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An Anthropology of Absence: Commentary

  • Lynn Meskell
Chapter

Abstract

Archaeologists are accustomed to responding to absence, to reading the spaces and bygone traces of materials and practices, as well as assembling the social worlds of people now departed. The often haunting fragmentary remains that are bequeathed to us, the palimpsest and the void itself - plus the material and immaterial methodologies employed to interpret and revivify the past - are often more telling and carry greater psychical weight, than dealing with the myriad intact artifacts that have endured.

Keywords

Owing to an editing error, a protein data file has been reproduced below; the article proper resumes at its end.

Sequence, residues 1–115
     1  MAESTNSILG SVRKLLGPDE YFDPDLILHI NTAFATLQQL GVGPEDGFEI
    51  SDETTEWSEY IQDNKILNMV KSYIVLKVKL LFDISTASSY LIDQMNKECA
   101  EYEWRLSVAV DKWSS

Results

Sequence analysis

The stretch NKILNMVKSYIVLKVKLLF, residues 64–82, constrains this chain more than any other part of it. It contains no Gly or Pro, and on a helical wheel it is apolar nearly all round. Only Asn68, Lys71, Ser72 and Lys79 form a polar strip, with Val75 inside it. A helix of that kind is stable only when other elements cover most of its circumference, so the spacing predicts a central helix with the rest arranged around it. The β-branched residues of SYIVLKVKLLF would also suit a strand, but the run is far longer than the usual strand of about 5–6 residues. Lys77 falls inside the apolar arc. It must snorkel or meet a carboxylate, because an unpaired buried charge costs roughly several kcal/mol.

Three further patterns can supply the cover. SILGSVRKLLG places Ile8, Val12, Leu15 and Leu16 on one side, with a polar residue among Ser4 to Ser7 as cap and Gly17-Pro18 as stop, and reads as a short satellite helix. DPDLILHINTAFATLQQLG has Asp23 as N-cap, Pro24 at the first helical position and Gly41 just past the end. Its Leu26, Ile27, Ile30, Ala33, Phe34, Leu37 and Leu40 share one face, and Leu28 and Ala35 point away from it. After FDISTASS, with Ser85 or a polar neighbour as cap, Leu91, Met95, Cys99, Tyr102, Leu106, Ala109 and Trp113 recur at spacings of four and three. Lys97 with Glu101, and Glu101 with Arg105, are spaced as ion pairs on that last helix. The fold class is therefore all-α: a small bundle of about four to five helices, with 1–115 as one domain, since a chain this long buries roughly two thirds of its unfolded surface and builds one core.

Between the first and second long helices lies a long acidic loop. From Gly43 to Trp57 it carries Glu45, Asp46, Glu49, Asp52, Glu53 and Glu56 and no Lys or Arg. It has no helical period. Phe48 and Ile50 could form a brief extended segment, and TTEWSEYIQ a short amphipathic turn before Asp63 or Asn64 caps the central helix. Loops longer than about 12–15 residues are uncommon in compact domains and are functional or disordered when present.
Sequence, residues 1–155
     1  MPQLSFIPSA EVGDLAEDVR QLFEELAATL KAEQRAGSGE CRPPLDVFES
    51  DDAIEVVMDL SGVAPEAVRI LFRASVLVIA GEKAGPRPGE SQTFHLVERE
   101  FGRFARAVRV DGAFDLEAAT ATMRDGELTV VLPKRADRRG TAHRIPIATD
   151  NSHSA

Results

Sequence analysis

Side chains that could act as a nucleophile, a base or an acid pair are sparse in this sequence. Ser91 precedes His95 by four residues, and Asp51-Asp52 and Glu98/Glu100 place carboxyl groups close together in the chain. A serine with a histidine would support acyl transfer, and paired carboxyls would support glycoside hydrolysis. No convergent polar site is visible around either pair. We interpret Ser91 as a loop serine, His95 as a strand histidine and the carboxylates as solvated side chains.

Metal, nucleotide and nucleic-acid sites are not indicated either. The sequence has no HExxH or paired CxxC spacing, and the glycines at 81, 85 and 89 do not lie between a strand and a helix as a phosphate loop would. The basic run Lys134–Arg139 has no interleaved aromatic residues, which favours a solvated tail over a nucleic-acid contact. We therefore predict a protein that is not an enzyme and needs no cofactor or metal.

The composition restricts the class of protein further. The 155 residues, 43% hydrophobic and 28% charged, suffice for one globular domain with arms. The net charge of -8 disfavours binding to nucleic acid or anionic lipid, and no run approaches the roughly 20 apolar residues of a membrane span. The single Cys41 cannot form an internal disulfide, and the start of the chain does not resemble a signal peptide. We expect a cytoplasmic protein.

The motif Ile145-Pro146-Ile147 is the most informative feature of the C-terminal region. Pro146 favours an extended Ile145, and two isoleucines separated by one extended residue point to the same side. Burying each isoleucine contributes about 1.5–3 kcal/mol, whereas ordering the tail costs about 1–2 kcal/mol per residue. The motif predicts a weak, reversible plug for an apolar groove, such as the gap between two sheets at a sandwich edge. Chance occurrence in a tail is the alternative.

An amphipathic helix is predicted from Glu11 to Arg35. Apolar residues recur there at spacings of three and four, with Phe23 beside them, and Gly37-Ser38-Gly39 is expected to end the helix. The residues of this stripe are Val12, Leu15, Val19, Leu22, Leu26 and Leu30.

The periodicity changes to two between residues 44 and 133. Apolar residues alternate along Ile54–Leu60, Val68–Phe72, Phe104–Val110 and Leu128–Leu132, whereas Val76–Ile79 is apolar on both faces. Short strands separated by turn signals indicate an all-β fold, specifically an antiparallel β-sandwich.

Black Cumin Immaterial Deity Black Marble Fragmentary Remains Bedouin Community 
These keywords were added by machine and not by the authors. This process is experimental and the keywords may be updated as the learning algorithm improves.

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Copyright information

© Springer Science+Business Media, LLC 2010

Authors and Affiliations

  1. 1.Department of AnthropologyStanford UniversityStanfordUSA

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